Got a version of Word that uses the menu interface (Word 97, Word 2000, Word 2002, or Word 2003)? This site is for you! If you use a later version of Word, visit our WordTips site focusing on the ribbon interface.
With more than 50 non-fiction books and numerous magazine articles to his credit, Allen Wyatt is an internationally recognized author. He is president of Sharon Parq Associates, a computer and publishing services company.
Learn more about Allen...
Please Note: This article is written for users of the following Microsoft Word versions: 97, 2000, 2002, and 2003. If you are using a later version (Word 2007 or later), this tip may not work for you. For a version of this tip written specifically for later versions of Word, click here: Printing a File List.
Users of WordPerfect may be familiar with the feature that allows you to print the contents of a directory. Indeed, it can be very handy to have a printout of all the documents in a directory. Unfortunately, Word does not have an intrinsic command that allows you to accomplish the same task. There are a couple of ways you can approach this problem, however.
The first is the old tried-and-true DIR method, which has been used by "techies" since the days of DOS. Simply open a command prompt (MS-DOS) window, locate the directory for which you want a list, and then type the following command:
dir /b > mydir.txt
This creates a text file (mydir.txt) that contains only the names of the files in the directory. You can then locate the file in Word and load it as a document. While this approach is not a single step, it is not particularly difficult, either.
If you would like a macro solution to the problem, you can use the following. It displays the standard Open dialog box, in which you can browse for the directory for which you want a list. When you select a file in that directory and click on Open, the macro creates a new Word document that lists all the files that the directory contains. Note that you must select a file from the directory.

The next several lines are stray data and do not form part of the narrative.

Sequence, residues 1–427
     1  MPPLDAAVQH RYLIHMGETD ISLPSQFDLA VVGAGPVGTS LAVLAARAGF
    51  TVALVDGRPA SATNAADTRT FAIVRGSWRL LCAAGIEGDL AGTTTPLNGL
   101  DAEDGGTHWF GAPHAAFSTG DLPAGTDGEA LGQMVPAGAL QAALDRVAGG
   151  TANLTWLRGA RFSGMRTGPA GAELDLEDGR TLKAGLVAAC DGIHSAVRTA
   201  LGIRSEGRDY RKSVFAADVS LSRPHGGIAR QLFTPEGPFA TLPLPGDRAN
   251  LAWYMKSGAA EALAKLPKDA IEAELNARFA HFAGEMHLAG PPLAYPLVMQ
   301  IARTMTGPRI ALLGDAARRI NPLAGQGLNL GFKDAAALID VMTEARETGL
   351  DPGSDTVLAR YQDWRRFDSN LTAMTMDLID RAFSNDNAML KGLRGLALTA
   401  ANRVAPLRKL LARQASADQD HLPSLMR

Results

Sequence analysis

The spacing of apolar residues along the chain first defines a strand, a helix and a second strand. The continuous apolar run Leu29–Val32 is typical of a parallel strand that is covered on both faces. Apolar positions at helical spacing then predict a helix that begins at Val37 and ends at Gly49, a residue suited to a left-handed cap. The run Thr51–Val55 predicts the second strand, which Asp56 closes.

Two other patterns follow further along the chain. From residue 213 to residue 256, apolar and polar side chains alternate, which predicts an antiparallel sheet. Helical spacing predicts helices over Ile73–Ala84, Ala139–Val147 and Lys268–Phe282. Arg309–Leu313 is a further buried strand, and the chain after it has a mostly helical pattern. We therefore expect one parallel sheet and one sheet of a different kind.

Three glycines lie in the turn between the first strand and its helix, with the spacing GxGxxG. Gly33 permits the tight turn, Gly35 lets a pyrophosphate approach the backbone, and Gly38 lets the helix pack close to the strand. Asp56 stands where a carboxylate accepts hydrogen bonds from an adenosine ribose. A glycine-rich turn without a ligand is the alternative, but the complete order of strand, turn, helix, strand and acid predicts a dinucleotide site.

Sub ListFiles() Dim PathWanted As String Dim Temp As String Dim i As Integer With Dialogs(wdDialogFileOpen) .Name = "*.*" If .Display = -1 Then Documents.Add PathWanted = Options.DefaultFilePath(wdDocumentsPath) Selection.TypeText "Files in " & PathWanted & ":" & vbCrLf With Application.FileSearch .LookIn = PathWanted .FileName = "*.*" If .Execute > 0 Then For i = 1 To .FoundFiles.Count Temp = .FoundFiles(i) While InStr(Temp, "\") > 0 Temp = Mid(Temp, InStr(Temp, "\") + 1) Wend Selection.TypeText Temp & vbCrLf Next End If End With End If End With End Sub
If you want to limit the files returned by the macro (for instance, to only those ending in .DOC), then you can change the file specifications ("*.*") in two of the program lines.
WordTips is your source for cost-effective Microsoft Word training. (Microsoft Word is the most popular word processing software in the world.) This tip (1148) applies to Microsoft Word 97, 2000, 2002, and 2003. You can find a version of this tip for the ribbon interface of Word (Word 2007 and later) here: Printing a File List.
Comprehensive VBA Guide Visual Basic for Applications (VBA) is the language used for writing macros in all Office programs. This complete guide shows both professionals and novices how to master VBA in order to customize the entire Office suite for their needs. Check out Mastering VBA for Office 2010 today!